> As we have said, the evangelist, like the prophet Isaiah, wishes to set
> before our eyes this mighty wonder, and point out what an unheard-of thing
> it is for a maiden to be with child before her husband brings her home and
> lies with her; and further, that he does not know her carnally until she
> first has a son, which she should have had after first having been known by
> him. Thus, the words of the evangelist do not refer to anything that
> occurred after the birth, but only to what took place before it. For the
> prophet and the evangelist, and St. Paul as well, do not treat of this
> virgin beyond the point where they have from her that fruit for whose sake
> she is a virgin and everything else. After the child is born they dismiss
> the mother and speak not about her, what became of her, but only about her
> offspring. Therefore, one cannot from these words [Matt. 1:18, 25] conclude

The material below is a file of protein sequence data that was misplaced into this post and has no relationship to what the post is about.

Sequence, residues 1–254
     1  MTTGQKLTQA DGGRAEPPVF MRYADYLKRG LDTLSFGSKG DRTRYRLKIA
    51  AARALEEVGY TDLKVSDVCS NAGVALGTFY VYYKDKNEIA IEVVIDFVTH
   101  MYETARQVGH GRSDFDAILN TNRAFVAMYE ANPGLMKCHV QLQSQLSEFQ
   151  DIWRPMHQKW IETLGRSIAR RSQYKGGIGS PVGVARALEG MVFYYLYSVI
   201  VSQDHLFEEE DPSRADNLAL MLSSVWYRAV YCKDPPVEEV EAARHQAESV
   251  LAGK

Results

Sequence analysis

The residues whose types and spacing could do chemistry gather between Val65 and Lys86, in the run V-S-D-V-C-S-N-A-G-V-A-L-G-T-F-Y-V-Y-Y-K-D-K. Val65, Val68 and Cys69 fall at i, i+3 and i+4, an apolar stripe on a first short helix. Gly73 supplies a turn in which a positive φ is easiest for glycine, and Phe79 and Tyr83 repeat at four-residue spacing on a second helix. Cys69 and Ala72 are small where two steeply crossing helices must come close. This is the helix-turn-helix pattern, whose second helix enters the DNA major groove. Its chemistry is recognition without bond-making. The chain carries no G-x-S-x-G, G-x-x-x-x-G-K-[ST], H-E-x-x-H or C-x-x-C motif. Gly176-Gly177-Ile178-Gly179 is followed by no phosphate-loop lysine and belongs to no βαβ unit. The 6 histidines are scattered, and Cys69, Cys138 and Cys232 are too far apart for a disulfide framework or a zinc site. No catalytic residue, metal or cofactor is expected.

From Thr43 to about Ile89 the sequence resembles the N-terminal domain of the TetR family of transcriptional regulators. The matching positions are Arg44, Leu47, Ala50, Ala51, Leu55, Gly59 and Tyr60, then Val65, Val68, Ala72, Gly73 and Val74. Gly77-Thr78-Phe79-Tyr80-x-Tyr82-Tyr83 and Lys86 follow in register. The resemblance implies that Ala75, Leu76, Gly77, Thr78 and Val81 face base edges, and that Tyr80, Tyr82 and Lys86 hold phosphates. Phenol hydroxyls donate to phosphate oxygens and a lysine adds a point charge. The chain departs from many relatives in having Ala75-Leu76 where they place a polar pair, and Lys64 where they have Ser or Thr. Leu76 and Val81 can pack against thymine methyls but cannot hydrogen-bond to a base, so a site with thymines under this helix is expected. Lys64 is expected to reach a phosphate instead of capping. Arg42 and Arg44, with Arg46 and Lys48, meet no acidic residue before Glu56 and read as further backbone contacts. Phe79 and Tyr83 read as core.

> Mary, after the birth of Christ, became a wife in the usual sense; it is
> therefore neither to be asserted nor believed. All the words are merely
> indicative of the marvelous fact that she was with child and gave birth
> before she had lain with a man.
> The form of expression used by Matthew is the common idiom, as if I were to
> say, “Pharaoh believed not Moses, until he was drowned in the Red Sea.” Here
> it does not follow that Pharaoh believed later, after he had drowned; on the
> contrary, it means that he never did believe. Similarly when Matthew [1:25]
> says that Joseph did not know Mary carnally until she had brought forth her
> son, it does not follow that he knew her subsequently; on the contrary, it
> means that he never did know her. Again, the Red Sea overwhelmed Pharaoh